The effect sizes for acquisition and retention memory also were examined relative to the study quality score. Significant differences in effect sizes were observed between lower-scoring and higher-scoring studies for both acquisition (X 2  = 25.03, df = 4, p < 0.00001, I 2  = 84.3 %) and retention (X 2  = 29.03, df = 4, p < 0.00001, I 2  = 86.2 %) memory. The effect size for acquisition memory was maximal for studies with a quality score of 4 (−4.05, 95 % CI: −8.02 to −0.08; Fig. 6a), and the effect size for retention memory was higher for studies with a quality score of 8 (5.98, 95 % CI: −0.63 to 12.59; Fig. 6b) than those with lower scores.
Fig. 6

The effect size is stratified by study quality score (a) for acquisition memory and (b) for retention memory. The gray bands represent the 95 % CI for the global estimated effect size. The gray bands represent the 95 % CI for the global estimated effect size

Meta-regression analyses

Meta-regression is an extension of the subgroup analysis that allows for the investigation of the effect of multiple factors simultaneously. The outcome variable is the effect estimate, and the explanatory variables are the study characteristics that might influence the effect size, which are often called the “potential effect modifiers” or covariates.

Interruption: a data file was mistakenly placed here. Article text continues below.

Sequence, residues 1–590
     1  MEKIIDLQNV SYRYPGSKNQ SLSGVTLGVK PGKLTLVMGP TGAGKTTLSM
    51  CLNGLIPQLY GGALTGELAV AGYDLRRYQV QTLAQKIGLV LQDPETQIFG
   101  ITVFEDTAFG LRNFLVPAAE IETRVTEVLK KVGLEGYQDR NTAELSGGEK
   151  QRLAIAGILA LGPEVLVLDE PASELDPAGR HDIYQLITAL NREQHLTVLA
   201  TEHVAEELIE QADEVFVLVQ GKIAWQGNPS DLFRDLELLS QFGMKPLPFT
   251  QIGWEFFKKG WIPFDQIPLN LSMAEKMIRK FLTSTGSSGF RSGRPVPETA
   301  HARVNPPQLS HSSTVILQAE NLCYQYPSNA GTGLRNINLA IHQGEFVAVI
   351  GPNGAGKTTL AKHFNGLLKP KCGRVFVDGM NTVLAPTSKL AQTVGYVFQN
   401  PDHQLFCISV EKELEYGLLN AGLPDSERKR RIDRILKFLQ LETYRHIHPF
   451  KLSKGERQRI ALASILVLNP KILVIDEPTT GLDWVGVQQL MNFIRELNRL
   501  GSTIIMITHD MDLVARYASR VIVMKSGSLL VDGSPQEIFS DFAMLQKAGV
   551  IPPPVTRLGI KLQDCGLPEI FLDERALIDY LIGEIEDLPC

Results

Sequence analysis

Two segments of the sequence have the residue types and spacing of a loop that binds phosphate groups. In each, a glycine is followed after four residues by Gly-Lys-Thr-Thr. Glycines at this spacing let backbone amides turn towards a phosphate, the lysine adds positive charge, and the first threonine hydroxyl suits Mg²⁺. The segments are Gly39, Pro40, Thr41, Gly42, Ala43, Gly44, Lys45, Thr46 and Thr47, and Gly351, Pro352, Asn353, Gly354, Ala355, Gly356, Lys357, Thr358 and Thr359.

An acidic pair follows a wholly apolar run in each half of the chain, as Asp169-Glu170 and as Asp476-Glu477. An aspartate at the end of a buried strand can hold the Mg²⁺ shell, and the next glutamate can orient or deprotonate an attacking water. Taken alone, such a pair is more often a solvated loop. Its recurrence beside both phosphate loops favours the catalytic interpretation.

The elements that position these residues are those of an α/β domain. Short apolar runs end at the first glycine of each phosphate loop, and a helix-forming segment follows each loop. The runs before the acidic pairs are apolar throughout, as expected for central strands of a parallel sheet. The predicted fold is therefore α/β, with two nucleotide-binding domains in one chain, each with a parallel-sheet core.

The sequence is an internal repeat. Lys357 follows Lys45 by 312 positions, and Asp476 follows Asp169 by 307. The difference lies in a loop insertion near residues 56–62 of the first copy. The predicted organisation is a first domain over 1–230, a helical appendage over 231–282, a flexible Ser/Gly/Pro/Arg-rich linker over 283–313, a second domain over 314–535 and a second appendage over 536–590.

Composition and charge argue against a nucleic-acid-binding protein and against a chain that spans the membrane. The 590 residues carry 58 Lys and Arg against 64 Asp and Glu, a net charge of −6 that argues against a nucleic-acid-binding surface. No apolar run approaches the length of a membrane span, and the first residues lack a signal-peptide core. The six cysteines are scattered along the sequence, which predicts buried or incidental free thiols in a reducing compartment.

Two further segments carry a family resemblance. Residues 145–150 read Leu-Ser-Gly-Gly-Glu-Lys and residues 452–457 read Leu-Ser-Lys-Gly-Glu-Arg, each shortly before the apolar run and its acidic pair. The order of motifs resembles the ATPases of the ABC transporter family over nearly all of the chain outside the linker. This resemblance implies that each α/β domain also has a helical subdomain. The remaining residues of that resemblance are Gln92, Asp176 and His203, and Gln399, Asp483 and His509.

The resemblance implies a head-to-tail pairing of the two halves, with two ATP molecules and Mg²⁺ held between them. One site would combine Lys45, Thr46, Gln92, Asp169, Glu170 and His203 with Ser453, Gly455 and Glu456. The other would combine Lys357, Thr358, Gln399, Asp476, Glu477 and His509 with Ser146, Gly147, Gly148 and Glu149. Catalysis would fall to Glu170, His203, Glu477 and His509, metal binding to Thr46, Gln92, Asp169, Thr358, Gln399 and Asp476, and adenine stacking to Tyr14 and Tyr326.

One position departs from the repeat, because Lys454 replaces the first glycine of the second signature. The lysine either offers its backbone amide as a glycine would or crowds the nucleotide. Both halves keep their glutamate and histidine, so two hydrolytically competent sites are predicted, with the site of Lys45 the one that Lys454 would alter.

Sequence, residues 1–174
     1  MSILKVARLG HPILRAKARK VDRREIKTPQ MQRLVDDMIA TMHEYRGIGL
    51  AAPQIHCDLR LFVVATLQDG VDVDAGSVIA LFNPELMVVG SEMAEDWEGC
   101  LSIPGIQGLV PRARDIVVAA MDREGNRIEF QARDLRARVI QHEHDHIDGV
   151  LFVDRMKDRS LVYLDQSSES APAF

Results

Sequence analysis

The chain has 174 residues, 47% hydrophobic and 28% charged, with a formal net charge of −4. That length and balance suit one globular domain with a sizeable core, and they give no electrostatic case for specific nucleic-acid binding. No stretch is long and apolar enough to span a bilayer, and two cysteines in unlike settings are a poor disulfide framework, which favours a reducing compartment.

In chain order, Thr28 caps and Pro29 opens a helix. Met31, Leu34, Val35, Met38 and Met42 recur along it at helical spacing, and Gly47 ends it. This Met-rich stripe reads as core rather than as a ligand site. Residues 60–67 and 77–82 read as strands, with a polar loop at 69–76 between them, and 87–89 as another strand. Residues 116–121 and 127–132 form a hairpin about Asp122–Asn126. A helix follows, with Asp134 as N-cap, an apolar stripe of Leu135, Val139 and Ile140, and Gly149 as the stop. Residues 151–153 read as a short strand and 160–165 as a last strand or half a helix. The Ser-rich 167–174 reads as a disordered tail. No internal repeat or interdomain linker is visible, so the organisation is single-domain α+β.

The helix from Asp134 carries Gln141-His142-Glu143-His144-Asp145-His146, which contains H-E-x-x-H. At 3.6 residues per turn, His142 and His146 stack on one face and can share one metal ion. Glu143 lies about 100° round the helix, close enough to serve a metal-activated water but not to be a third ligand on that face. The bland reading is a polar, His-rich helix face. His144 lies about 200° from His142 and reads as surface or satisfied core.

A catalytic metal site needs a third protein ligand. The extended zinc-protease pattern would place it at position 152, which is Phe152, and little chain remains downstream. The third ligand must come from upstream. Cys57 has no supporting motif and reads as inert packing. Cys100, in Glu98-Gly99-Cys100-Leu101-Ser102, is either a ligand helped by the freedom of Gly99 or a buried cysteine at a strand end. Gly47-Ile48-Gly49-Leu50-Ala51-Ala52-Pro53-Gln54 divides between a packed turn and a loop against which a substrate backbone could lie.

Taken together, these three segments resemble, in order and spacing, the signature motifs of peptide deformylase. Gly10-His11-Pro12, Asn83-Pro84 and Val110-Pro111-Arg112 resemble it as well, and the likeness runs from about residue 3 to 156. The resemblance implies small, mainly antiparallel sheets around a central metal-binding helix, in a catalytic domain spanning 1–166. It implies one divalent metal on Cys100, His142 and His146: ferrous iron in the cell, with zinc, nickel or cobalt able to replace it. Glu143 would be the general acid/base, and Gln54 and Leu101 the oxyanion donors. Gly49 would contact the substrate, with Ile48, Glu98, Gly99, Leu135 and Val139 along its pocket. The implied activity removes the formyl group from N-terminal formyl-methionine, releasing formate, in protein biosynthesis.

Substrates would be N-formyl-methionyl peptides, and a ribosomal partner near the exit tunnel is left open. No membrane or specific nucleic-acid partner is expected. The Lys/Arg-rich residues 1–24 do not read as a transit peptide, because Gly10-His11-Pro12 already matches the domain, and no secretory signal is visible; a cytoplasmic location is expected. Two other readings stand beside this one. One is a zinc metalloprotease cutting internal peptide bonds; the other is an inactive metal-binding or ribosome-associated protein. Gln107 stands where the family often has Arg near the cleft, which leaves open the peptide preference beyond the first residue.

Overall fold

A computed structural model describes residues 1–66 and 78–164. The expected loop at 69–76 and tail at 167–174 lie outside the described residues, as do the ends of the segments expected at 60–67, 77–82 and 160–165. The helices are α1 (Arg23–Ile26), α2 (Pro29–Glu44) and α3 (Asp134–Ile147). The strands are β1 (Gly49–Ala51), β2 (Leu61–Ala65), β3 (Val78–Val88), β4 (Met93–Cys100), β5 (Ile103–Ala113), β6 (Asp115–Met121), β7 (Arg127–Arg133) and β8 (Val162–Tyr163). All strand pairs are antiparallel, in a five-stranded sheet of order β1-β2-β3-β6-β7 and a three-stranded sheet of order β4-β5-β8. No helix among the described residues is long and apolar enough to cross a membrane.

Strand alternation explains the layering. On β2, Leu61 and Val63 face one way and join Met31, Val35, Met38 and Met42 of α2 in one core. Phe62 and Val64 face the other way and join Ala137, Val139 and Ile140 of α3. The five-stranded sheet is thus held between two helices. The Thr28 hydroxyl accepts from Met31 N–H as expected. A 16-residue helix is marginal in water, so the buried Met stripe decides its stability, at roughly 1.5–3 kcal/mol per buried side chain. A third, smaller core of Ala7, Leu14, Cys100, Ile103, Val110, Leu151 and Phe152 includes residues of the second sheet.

To further explore the heterogeneity among studies, meta-regression was conducted for the acquisition and retention memory results. For retention memory, the species and sex of the animals, anesthetic method, type and dose of ginsenoside, study quality score, and route of drug delivery explained 49.03 % of the heterogeneity. For acquisition memory, heterogeneity was independent of these factors.

Publication bias

Finally, the presence of small-study effects, which may contribute to publication bias, were identified. Funnel plots showed an asymmetry for both the acquisition (Fig. 7a) and retention memory (Fig. 7b) data, which provides evidence for small-study effects (Egger regression, p < 0.0001 and p < 0.001, respectively).
Fig. 7

Funnel plot for acquisition memory (a) and retention memory (b)

Possible drug protection mechanism analysis